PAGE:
President & CEO
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Publish dateOct 19, 2021
One of the first responsibilities of an employer is to provide a safe workplace. It’s just the right thing to do. It’s also a good business decision, and a regulatory requirement (see OSHA Section 5). The COVID-19 pandemic has tested employers’ commitment to workplace safety. Many employers have passed the test and kept their people safe from the virus. However, as the virus yields to gradually rising vaccinations and workers return, they are being greeted by a second, often forgotten pandemic: workplace shootings.
The COVID-19 pandemic initially seemed to reduce gun violence, including workplace shootings. Based on the tragic headlines below, it now seems clear that the temporary lull is over:
- 12 October- 3 employees killed in shooting at postal facility in Memphis
- 8 October - Two killed in shooting at Maryland senior living facility, police say
- 4 October - Nurse assistant shot and killed in Philadelphia hospital, allegedly by heavily armed fellow nursing assistant wearing scrubs
- 1 October - Philadelphia Police Handle ‘Active Shooter Situation’ In Logan After Man Dies, Suspect In Custody
- 23 September - Suspect at large following deadly shooting at Safco Products warehouse
- 23 September - Shooter kills 1, wounds more than a dozen at Kroger market in Memphis suburb
- 13 September - Workplace shooting at Perry lumber mill, no injuries reported
- 3 Aug - Smile Direct shooting in Nashville: Latest updates after three shot, suspected gunman killed
- 04 June - Worker dead, employee arrested after workplace shooting at sugar cane facility near Belle Glade
- 26 May - Gunman who killed eight co-workers at California transit facility knew victims well, mayor says
- 15 April - Police ID Suspect And Victims In Shooting Deaths At FedEx Facility In Indianapolis - Killed eight people
- 9 April - Bryan, Texas shooting: Employee kills 1 person and wounds 5 others at cabinet-making business, police say
- 10 Feb - Suspect in Minnesota clinic shooting alleged to have threatened medical facility attacks in 2018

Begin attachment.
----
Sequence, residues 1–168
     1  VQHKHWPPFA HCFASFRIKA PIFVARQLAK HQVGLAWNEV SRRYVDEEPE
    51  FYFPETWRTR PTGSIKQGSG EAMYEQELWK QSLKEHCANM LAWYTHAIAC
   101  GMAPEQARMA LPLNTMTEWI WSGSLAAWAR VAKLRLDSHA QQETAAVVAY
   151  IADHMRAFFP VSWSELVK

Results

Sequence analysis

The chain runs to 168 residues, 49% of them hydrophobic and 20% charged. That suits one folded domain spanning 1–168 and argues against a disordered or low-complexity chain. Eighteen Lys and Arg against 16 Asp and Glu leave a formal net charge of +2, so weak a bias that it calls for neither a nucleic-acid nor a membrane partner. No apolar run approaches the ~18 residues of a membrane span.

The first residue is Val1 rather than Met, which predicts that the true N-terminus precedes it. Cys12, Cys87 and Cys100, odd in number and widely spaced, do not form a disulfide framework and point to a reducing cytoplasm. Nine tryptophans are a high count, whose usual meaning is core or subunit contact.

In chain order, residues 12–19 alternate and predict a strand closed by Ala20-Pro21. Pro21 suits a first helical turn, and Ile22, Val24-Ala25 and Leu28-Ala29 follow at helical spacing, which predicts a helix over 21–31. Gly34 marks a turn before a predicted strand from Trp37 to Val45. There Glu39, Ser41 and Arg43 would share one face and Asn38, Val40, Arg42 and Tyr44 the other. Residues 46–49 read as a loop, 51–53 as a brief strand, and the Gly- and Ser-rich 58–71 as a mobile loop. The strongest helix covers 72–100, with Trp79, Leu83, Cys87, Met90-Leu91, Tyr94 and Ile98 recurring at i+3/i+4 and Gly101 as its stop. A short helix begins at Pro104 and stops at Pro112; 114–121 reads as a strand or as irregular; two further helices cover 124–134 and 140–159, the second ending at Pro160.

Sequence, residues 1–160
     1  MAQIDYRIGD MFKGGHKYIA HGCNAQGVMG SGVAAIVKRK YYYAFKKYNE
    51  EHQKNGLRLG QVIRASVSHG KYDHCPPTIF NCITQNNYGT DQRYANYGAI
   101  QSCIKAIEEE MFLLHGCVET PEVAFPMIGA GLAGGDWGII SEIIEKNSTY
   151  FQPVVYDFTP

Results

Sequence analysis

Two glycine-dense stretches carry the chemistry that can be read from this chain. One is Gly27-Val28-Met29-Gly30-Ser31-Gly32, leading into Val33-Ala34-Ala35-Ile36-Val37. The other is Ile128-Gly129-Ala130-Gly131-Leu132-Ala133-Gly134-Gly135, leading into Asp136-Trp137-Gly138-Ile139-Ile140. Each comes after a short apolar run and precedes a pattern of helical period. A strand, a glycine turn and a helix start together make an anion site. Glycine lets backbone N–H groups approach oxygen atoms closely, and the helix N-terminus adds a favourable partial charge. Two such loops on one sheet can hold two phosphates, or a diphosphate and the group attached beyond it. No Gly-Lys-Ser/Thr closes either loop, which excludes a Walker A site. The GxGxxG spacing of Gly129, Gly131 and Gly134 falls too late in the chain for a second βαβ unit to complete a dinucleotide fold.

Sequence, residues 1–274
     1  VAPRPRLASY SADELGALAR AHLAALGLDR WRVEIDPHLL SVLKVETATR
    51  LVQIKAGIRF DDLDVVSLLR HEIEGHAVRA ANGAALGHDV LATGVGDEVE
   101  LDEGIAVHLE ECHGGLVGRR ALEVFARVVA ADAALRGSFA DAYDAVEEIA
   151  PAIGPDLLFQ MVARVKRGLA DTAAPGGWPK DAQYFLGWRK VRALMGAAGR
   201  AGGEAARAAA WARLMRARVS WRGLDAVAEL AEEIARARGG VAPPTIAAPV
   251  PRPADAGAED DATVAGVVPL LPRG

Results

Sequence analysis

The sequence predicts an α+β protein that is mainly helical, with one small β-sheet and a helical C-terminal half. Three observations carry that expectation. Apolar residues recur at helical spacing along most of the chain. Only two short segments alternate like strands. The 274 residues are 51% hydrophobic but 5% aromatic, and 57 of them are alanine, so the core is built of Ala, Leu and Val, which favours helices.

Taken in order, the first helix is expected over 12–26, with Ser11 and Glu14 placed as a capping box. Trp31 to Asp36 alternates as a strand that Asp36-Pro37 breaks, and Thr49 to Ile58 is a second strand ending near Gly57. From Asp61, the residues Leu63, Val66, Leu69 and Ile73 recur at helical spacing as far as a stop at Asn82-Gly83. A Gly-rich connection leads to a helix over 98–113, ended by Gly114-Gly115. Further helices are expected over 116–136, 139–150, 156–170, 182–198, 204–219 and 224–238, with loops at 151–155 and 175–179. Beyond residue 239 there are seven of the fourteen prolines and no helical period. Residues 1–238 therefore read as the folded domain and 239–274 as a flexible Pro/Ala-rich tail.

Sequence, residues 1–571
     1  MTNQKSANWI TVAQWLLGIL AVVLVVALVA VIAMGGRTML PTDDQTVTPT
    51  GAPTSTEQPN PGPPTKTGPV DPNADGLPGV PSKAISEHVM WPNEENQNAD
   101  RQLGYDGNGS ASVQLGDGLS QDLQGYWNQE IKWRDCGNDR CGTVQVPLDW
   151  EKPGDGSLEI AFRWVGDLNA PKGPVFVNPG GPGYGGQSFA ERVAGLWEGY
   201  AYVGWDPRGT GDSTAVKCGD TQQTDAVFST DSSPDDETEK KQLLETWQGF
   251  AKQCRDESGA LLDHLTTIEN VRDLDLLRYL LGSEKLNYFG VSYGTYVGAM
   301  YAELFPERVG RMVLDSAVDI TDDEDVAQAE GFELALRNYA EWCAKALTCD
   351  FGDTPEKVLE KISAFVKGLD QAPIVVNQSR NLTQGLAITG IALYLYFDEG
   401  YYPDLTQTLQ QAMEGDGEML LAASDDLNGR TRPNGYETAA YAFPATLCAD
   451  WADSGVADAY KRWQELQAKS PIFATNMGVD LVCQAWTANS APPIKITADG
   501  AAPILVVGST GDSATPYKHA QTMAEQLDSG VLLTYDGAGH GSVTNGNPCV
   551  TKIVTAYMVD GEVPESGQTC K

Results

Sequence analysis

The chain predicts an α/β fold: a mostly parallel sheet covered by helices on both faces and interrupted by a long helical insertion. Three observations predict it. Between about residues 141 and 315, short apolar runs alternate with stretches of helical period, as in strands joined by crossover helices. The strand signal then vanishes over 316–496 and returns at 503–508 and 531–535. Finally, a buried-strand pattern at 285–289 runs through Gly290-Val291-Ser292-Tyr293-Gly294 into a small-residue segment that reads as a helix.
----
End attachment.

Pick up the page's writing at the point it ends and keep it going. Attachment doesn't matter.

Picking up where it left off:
It feels ominous and tragic to me that we’ve had four workplace shootings in the first two weeks of October. Historically, there has only been about one workplace mass shooting per year. A recent Ontic survey of 300 security leaders at large companies found that nearly a fifth of them (18%) have had to deal with an active shooter event at one of their sites in the first five months of 2021 alone. It feels like something has fundamentally changed in the threat environment.
What’s driving the change? Experts recently interviewed by NPR theorize that potential shooters have had a lot of extra time to plan attacks during the pandemic and that there are more targets available now that more people are back at work in more locations. I would add a few additional important drivers: the prolonged stress and isolation of the pandemic, rising resistance to mask/vaccination mandates, the spread of extremist ideologies, acute political polarization, widespread social unrest, and widely available firearms. It has all combined to create a tragically perfect storm. The DHS and FBI summarized the threat their May 2021 joint report, saying “The greatest terrorism threat to the homeland we face today is posed by lone offenders, often radicalized online, who look to attack soft targets with easily accessible weapons. Many of these violent extremists are motivated and inspired by a mix of socio-political goals and personal grievances against their targets.”
Given the current threat environment, how can employers best fulfill their duty of care in providing a safe workplace? The most obvious way to prevent shootings in the workplace is to keep guns out of the building in the first place. Most employers have policies to prohibit guns on private property, but they have largely been unwilling to enforce their policies through weapons screening. Why? Because screening for weapons with old metal-detectors creates a prison-like experience for workers and leaves workers stuck in crowded waiting lines that are just unacceptable in a pandemic recovery environment.